Kruzich, the Chevron spokesman, said that the grant program, a voluntary agreement with the city, grew out of discussions around a modernization project at the refinery in 2014 which “improves energy efficiency, reduces air emissions overall and increases the safety and reliability of the refinery.”
Robsinon and Clark also differ over Chevron’s role in local politics.
Clark seemed unconcerned by Chevron’s involvement, while Robinson called for Chevron to get out of Richmond politics and end its support for local candidates. She said she believes Chevron has put the City Council “under its thumb” and is creating fear among local residents who speak out against the company.
If Chevron wants to be a “good neighbor” and member of the community, said Robinson, it “should be big enough to hear the truth and make changes.”
Rival Conceptions of Racial Justice
Beyond issues related to emissions from fossil fuel plants, workforce data shows that the oil and gas industry is less diverse in terms of race and gender than the U.S. workforce as a whole, according to a 2015 report prepared for the American Petroleum Institute. And the industry’s top ranks are “almost certainly” less racially diverse than its overall workforce, Paula Glover, president and CEO of the American Association of Blacks in Energy, told Axios.
Data from Chevron reflect these disparities. According to a 2018 corporate responsibility report, Black people comprise 8 percent of total employees and 3 percent of the company’s executives and senior managers.
Though the Chevron refinery is the largest employer in Richmond, only a small percentage of the city’s population works there. Most of the refinery’s employees live outside Richmond, said local residents. According to Comey, only about 20 percent of the refinery’s workforce resides “in the City of Richmond and other parts of West Contra Costa County.”
Recently, calls by the fossil fuel industry to increase workforce diversity have been joined by U.S. civil rights leaders, including Rev. Jesse Jackson and National Urban League President Marc Morial.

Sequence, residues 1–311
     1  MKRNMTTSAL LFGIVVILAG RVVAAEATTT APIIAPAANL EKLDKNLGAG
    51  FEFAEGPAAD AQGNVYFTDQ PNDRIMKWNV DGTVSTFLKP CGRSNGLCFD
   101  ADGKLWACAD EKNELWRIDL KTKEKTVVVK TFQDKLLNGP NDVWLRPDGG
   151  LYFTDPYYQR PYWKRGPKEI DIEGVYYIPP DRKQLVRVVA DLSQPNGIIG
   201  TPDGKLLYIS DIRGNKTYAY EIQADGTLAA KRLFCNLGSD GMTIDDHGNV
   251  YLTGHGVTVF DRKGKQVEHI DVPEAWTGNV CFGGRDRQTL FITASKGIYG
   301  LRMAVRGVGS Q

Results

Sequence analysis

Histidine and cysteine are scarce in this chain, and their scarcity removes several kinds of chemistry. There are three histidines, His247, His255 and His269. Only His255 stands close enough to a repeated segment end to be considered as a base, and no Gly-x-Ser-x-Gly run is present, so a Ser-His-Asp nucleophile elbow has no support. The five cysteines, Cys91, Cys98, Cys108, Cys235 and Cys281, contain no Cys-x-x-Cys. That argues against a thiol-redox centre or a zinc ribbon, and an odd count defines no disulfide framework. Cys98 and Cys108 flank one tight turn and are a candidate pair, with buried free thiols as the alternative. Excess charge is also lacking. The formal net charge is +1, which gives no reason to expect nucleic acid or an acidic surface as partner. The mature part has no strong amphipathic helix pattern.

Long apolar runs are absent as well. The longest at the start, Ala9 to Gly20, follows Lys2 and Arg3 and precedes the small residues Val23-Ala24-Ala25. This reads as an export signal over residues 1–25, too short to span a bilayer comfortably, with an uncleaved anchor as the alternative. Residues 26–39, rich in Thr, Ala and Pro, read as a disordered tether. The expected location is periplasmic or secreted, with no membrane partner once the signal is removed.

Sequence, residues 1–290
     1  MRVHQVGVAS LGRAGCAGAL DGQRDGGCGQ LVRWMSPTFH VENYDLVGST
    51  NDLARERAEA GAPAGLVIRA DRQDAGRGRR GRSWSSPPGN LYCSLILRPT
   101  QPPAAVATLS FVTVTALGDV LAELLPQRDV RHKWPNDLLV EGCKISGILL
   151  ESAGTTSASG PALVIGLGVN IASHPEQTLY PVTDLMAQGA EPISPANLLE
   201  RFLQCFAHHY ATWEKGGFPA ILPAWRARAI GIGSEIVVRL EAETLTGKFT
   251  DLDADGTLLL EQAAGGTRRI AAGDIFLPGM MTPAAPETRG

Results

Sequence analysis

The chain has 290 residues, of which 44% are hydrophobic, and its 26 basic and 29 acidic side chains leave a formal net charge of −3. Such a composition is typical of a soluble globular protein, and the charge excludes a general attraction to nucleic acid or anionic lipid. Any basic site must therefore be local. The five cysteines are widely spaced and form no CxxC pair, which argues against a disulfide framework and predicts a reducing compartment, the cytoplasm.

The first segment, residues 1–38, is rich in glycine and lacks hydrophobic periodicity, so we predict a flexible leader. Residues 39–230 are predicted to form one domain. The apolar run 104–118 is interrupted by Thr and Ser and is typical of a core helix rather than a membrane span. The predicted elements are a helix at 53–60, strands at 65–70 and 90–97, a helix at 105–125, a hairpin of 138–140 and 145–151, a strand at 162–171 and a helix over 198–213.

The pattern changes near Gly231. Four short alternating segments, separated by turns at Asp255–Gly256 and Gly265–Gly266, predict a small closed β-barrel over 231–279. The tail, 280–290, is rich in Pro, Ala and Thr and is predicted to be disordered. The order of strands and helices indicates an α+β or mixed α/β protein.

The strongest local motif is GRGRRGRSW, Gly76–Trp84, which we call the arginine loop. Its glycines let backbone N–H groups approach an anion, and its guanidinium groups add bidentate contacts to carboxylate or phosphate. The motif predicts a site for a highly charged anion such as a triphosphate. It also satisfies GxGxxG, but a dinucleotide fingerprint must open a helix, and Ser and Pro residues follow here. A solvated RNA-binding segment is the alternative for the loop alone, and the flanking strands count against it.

Jackson said that while he supports a move to renewable energy in the future, he does not believe black communities can wait on issues like jobs for clean energy solutions.
Clark echoed the calls of civil rights leaders who contend that Chevron should focus on opening more jobs and providing job training for Black residents located nearby their operations.
The emphasis he and some other Black leaders place on diversity in the industry’s workforce stands in contrast to younger racial justice and climate justice activists’ interest in holding the industry accountable for climate change and the environmental racism they believe is ingrained in its operations.
Antonia Juhasz, an energy analyst, author and investigative journalist, emphasized that industry calls to increase equality and racial diversity do not take into account “the livability and survivability of black people and their communities,” which is at the center of the current protests.
The “Invest-Divest” platform of the Movement for Black Lives calls for institutions to divest from multinational fossil fuel companies like Chevron in order to help accelerate the shift to sustainable energy systems that are based in and controlled by black communities.
Baby Steps or Big Strides?
A more appropriate response to activists’ calls for racial justice, Juhasz said, would be for Chevron to take steps to ameliorate its operations’ disproportionate impact on communities of color, beginning with complying with all applicable laws and improving safety.
Chevron’s Kruzich said that “the Richmond Refinery workforce takes their role as good neighbors seriously and are continually working to enhance the safety of our operations, reduce our environmental footprint and maintain compliance with applicable regulations.”
But Namkhaidorj, the Richmond youth organizer, said Chevron only uses local hiring to “justify polluting and policing the community.” She wants to see more green jobs for Black residents, rather than jobs in the refinery.
She also called on Chevron to make “reparations” to the Black communities it has harmed, and challenged the company to prove its commitment to racial justice by donating to “Black organizations doing critical work for Black liberation,” including the Movement for Black Lives.
“Continued use of fossil fuels, as we have historically been using them, is incompatible with solving the climate crisis,” Juhasz said, “which means that’s irreconcilable with addressing environmental injustice and racism.”
The current dive in oil demand and prices because of the coronavirus pandemic presents a unique opportunity to move away from fossil fuels, said Leila Salazar-López, executive director of Amazon Watch, a non-profit organization working to protect the Amazon rainforest and advance the rights of indigenous people in the Amazonian Basin.
Robinson, despite her long battle with Chevron, urged activists to target the system behind society’s “addiction to fossil fuels and extraction,” rather than individual companies.
If activists do not “reframe” their narrative to reflect the broader need to shift toward a radically different economic and energy system, Robinson said, they may win the battle but lose the war when it comes to securing climate and racial justice.